Specific settings for your Node.js application

Cloud 66 will analyze your code and detect a few things:

  • The Node.js version you want to use.
  • The framework, for example Express.js, you are using.
  • The datasources, for example MongoDB, you want to use.

During the analysis phase we are using two files to determine the information about application: package.json and Procfile. If the outcome of the analyze phase doesn’t satisfy your needs, you need to update your package.json.

Change your Node.js version

To change your Node.js version you need to update your package.json engines settings. Read more about how you can specify the version of node so your application works.

Change your datasource(s)

During the analyse phase we analyze your runtime depencies defined in the package.json. Inclusion of the following packages will result in relevant datasource to be provisioned on your stack.

  • the package mysql will trigger the provisioning of Mysql
  • the package mongoose or mongodb will trigger the provisioning of MongoDB
  • the package pg will trigger the provisioning of Postgresql
  • the package redis or ioredis will trigger the provisioning of Redis

If you need other datasources later on, you can always add new datasource using the Add-in feature.

Expose your host port

If your application binds to a port, we need to expose it to the internet and make sure we can load balance traffic to your application. We provide you with an environment variable called PORT to tell which port your need to bind your application to. Make sure your use the following line:

var port = process.env.PORT || 8080;

Connect to your datasource(s)

Your application need to know which URL to use to connect to your database. We provide a couple of environment variables your can use to connect to your datasources.




var connection = mysql.createConnection({
  host     : process.env.MYSQL_URL,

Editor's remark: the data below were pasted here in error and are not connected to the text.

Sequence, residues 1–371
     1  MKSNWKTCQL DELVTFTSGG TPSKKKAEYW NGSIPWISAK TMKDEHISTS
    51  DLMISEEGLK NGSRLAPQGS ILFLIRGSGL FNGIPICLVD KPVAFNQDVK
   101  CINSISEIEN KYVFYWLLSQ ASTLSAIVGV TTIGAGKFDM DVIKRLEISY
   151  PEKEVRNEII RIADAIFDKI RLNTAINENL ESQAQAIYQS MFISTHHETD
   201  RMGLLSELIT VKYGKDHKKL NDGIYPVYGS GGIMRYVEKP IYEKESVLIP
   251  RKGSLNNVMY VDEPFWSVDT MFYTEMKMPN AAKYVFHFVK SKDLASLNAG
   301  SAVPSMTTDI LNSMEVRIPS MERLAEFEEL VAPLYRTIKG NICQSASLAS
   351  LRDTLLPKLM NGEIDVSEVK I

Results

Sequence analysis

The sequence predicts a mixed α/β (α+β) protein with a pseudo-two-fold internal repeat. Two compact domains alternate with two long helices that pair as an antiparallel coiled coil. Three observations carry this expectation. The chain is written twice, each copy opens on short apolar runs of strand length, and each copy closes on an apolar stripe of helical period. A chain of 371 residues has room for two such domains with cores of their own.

user     : process.env.MYSQL_USERNAME,
  password : process.env.MYSQL_PASSWORD,
  database : process.env.MYSQL_DATABASE


var config = {
  user: process.env.POSTGRESDB_USERNAME,
  database: process.env.POSTGRESDB_DATABASE,
  password: process.env.POSTGRESDB_PASSWORD,
  host: process.env.POSTGRESDB_URL,
  max: 10,
  idleTimeoutMillis: 30000,
var pool = new pg.Pool(config);


redis.createClient(6379, process.env.REDIS_URL)

Fire up some workers

You can use Procfiles to ensure that your background jobs run and are monitored. Doing so is as easy as defining them in the root of your application, in a file called Procfile.

A typical Procfile may look something like this:

web: node server.js
work: node some_work.js

The commands above would run node server.js and node some_work.js and monitor them. Cloud 66 will attempt to bring processes that go down or crash up again. Processes are also instructed to start when your server is booted. An overall view of your processes is available in your stack detail page.

Final notes on managing storage

None of the files created on the filesystem after the stack is deployed are persistent. If you need persistency for files, for example some uploaded data, please use the GlusterFS add-in or change your service.yml to use the storage of your host.

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